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Vault-API

A polykey keynode will have an X.509 root certificate. This certificate is a secure way of presenting information for the keynode’s digital identity. The X.509 certfificate contains an asymmetric keypair, namely a root public key and root private key and that is specific to each keynode. These are 4096 bit RSA keys which are protected by a password when the keynode is initialised. When the passphrase is provided, the root keypair can be used for a number of different functions.

Vault Access

When a new vault is created, it is sealed using a 256 bit symmetric key. This symmetric key is generated by encrypting a random 256 bit buffer using AES and the root private key. To access the derived vault key, the root private key must be known. Each time a new vault is created, a new 256 bit is generated and stored.

Secret Access

Within each vault there can be a number of secrets. Each secret is protected with an Encrypted File System, which stores a file using AES-GCM encryption. The data is stored in the following form:

| salt (random, safeguards secrets) | init vector (random, initial state) | auth tag (verify data has not been modified) | encrypted data |

A virtual file system is also passed to the encrypted files system, in order to create the in-memory file system. Two operations can be performed using the Encrypted File System; reads and writes. In order to maintain security, the secrets are decrypted in memory and not on disk. For write operations, the encrypted file is stored on disk and then stored in memory using the Virtual File System. In read operations, the file is accessed on disk then stored and decrypted in memory using the Virtual File System.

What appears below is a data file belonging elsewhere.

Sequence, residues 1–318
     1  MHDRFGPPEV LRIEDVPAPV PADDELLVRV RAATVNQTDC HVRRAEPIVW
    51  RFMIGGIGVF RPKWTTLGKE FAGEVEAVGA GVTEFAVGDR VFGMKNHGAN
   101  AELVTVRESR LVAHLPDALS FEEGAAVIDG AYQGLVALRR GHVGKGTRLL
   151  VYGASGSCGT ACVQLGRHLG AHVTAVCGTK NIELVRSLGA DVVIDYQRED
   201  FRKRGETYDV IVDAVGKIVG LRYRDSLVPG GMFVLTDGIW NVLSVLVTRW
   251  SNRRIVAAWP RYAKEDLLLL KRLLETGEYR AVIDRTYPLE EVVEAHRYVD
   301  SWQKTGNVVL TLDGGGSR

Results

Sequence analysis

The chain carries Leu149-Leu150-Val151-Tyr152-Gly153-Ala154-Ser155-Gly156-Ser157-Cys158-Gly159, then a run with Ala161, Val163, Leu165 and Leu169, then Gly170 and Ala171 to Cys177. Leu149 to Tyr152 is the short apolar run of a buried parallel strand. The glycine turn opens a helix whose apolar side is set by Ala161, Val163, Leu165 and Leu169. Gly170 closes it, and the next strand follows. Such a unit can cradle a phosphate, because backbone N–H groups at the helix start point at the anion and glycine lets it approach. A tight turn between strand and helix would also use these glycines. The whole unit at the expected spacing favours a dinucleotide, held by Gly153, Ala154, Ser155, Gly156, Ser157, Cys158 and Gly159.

Root Keypair Rotation

In some cases, the root keypair will need to be replaced with a new keypair or ‘rotated’. There is no need to generate new vault keys or other instances of encrypted data. Instead, the new root keypair can be generated. Then, the required metadata and vault keys are decrypted using the old root keypair and re-encrypted using the new root keypair. Therefore, PolyKey has now transferred to usage of the new root keypair without the entire removal of all data encrypted by the old root keypair.

Metadata

In order to keep track of important information after PolyKey has been closed, this data is written on disk. The data that is stored includes the keynode’s gestalt graph, provider tokens, keys and node information. Some of this information, for example the vault keys of a keynode, needs to be encrypted before being stored in order to maintain security. To do this a bip39 mnemonic is encrypted using the root private key and stored on disk. The Encrypted File System mentioned previously then uses this mnemonic to encrypt the relevant data and store it on disk. This data is loaded and decrypted when required to access certain areas of PolyKey.